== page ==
Permaculture, and the question of how we can form a regenerating and more holistically-minded society, has been the core of who Aaron is since he started working at age 12 in a neighbor’s garden. Aaron hails from the Pacific Northwest and spent years travelling abroad and working on Japanese tea farms. Following those experiences, Aaron committed himself to education and continued working on Permaculture, including living and working on a small urban farm in North Seattle called Wallingfarm. In 2016, Aaron joined his friend and fellow respected landscape designer Kimberly Leeper in creating a new tool for change called Oasis Edible Naturescapes. Through Oasis, Aaron is able to continue learning and educating the community and is empowered to make the change towards a more regenerative society through exciting urban landscape designs and installations. Aaron also dedicates his time to supporting the Northwest Permaculture Convergence, an annual Permaculture conference, by serving on its board.
Jeremy Puma is Certified in Holistic Landscape Design from Bastyr University. He received his Permaculture Design Certificate through Bastyr and the Permaculture Institute of North America. He is Co-Editor of, and Writer at Invironment, an online publication dedicated to Food, Farming, and the Environment. Jeremy also writes and edits Wild Foraging, a serial publication dedicated to edible weeds and wild plants.
Jeremy grew up on a citrus farm in North Florida, and has also has also been a DJ, an indie puppeteer, a kitchen boy at a terrible pizza joint, a cook at a British pub, a priest-in-training, a member of the Stuckist art movement, a professional Tarot reader, a tour guide at the Fountain of Youth Archaeological Park, a cubicle monkey for Amazon.com, and an organizer for a tech union, among other things.
After moving to Seattle in 1998 and falling in love with plants, he eventually found his way to Permaculture and never looked back. He has a beautiful wife and a giggly little son.
More information about Jeremy can be found on his personal website, www.pumaculture.com.
Kimberly has been a Seattlite for 22 years. She is an educator, permaculture designer, plant and wildlife enthusiast who specializes in Pacific NW native plants, beneficial wildlife habitat, and food forests/edible forest gardens. Kimberly has a diverse background, including school psychology; teaching and learning with children and adults in schools and woods; community organizing for collaborative emergency preparedness; volunteering with community gardens and plant-related endeavors, including the Beacon Food Forest for past 5 years; and leading a sustainable landscaping company - Mariposa Naturescapes (2005 - 2016) and Oasis Edible Naturescapes (2016 to present with co-owner, Aaron Armstrong). Kimberly loves inspiring people to think more holistically about their landscapes and the planet, and create an oasis with lots of foraging opportunities!
Chris Coburn is the Chief Briner at Seattle Pickle Company. Chris was born in Seattle and grew up in the Queen Anne Hill neighborhood. He got his first introduction to canning and preserving when his family would venture out to pick your own farms in the Puget Sound region. They would bring this fresh picked produce home and preserve their harvest so that they could enjoy the local bounty year round. Chris started Seattle Pickle Company to share this experience with the local growing population of Seattlites.
Demarus is devoted to defining environmental ethics and sustainable behavior through the Native American perspective. Much of her knowledge comes from growing up on the Alaskan tundra and among Native American communities across the continent. She earned her Environmental Studies degree from UW in 2015 and enjoys writing and forming relationships with community leaders. Demarus works as an environmental program liaison at Crown Bees, a mason and leafcutter bee company in Woodinville.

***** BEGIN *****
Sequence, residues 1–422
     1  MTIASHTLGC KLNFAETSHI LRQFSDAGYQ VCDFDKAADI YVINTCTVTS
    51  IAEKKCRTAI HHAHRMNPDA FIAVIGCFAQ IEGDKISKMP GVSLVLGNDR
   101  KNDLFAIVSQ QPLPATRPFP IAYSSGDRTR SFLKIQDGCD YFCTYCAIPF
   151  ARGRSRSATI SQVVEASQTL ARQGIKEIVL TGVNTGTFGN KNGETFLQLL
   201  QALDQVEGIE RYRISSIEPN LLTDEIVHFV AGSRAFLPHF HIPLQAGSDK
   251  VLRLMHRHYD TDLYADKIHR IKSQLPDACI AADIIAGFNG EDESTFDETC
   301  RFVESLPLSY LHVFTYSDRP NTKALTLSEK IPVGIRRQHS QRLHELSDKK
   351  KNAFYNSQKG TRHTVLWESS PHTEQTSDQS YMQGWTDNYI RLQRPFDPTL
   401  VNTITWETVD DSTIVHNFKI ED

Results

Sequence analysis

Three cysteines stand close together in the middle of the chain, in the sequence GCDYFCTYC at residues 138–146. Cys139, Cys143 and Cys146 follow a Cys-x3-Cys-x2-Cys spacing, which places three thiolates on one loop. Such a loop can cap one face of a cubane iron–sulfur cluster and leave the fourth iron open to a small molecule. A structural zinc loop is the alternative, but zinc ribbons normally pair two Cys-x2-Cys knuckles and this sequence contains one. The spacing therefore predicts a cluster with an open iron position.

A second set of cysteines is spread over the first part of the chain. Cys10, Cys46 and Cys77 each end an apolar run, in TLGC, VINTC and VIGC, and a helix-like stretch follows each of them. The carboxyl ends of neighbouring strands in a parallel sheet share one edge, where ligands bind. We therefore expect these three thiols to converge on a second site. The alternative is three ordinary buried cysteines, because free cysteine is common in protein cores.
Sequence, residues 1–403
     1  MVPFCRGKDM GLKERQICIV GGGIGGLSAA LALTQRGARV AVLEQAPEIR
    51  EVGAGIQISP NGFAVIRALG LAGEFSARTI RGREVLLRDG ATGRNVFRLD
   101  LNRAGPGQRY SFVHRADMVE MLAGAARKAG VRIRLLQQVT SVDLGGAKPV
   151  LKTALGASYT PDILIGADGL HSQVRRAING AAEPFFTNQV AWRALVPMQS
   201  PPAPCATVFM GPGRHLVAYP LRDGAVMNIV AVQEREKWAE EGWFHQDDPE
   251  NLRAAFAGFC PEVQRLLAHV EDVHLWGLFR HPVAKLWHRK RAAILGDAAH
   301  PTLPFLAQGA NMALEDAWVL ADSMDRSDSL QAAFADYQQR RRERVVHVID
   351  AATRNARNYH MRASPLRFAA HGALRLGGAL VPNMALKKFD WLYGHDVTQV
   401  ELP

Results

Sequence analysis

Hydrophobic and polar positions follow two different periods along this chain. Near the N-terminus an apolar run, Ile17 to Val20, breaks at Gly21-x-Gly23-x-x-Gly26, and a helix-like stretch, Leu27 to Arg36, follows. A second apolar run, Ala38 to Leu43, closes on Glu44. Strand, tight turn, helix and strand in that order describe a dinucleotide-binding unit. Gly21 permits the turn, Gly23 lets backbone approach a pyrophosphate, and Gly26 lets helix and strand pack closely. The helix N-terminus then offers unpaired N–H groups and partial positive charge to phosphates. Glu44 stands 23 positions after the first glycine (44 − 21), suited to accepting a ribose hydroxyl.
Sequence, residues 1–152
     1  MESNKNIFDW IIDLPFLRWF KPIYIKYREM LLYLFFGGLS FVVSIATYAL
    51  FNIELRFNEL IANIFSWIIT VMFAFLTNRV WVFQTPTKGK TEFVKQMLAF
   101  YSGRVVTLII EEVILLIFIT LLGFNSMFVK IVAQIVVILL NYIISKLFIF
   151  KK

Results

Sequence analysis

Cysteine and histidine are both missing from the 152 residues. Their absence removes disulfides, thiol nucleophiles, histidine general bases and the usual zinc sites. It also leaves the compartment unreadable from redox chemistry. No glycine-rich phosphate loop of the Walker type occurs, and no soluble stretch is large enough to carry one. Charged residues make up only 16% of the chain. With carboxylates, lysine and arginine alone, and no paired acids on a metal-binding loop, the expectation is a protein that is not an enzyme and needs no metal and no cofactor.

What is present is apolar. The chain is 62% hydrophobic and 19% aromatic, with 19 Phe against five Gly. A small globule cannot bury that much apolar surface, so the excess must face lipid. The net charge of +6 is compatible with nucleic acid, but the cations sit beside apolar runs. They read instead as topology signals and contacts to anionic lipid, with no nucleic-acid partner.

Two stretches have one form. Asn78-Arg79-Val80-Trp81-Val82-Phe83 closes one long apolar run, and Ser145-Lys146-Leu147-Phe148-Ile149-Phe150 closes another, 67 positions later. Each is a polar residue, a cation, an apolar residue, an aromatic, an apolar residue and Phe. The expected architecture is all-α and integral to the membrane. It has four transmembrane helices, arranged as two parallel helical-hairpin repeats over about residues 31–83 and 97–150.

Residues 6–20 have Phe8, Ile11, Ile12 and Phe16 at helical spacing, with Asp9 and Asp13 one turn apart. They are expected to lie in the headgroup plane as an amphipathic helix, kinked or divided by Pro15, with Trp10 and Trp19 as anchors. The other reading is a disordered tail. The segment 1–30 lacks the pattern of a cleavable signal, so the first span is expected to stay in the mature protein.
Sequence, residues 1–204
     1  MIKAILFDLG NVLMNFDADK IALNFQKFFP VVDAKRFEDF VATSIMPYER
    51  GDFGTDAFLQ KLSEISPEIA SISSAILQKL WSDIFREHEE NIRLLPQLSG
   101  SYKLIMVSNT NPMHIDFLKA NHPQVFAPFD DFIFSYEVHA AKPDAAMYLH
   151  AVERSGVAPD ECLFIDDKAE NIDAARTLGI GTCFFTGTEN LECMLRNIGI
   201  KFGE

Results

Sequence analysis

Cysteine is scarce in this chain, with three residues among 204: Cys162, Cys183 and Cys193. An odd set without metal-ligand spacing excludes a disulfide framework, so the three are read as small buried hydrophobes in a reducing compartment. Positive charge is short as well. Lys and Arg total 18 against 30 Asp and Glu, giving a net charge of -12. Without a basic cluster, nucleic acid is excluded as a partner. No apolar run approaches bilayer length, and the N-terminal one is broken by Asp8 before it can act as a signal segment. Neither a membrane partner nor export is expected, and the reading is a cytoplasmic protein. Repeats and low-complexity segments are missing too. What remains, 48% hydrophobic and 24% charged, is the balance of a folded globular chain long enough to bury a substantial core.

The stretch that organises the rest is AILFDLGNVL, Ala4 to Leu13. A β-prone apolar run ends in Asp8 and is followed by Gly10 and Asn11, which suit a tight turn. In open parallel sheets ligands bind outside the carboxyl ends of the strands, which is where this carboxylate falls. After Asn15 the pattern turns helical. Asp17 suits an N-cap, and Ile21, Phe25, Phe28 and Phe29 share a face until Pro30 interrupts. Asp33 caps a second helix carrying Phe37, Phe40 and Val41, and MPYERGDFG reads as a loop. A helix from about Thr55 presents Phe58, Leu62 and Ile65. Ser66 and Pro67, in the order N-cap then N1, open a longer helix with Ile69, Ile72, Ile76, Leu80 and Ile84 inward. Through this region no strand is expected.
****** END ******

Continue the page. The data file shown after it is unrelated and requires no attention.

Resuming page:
Demarus is also an avid fiber arts enthusiast who stubbornly learned how to knit from a book at the age of 13. Her lifelong love of knitting, weaving, spinning fiber into yarn, and sewing has been supported by an amazing network of teachers and masters of fiber arts. She loves to pick wild berries and traditional 'greens,' make jam, and learn.
Randee is a gardener trained by her mama from before she could put on her own rubber boots. Now Randee is a newly turned experimental urban farmer, with few ideas too whacky to try. She lives in West Seattle with her husband, two old dogs, two young daughters, her first flock of chickens, a tub full of worms, 361 crochet hooks, her grandmother's knitting needle collection, three sewing machines and too many 'just one more' pieces of fabric purchases. Randee's children are almost always wearing at least one piece of clothing made by her and covered in either dirt and/or some sort of front yard snack foraging juices. Each year Randee digs up a little more sod and plants a little more food, aiming to turn her front and back yard into perennial food growing power houses.
Holly comes from a long line of farmers. She grew up visiting her grandparents and aunts and uncles on their family farms and it made perfect sense that she would go on to attend college at a small farm school in western North Carolina. Holly sees urban farming as a natural extension of her roots.
Krista has a passion for edible gardening and teaching other families how simple and fun it can be! She is a Master Gardener and holds a certificate in Permaculture Design. Her West Seattle Homestead makes the perfect onsite classroom where she holds most of her classes for Seattle Farm School. In addition to gardening she loves canning, baking and raising chickens. She is a mom of two kids, Penelope and Maddox. She owns Terraganics Living, a company offering edible garden coaching, planning, and raised beds.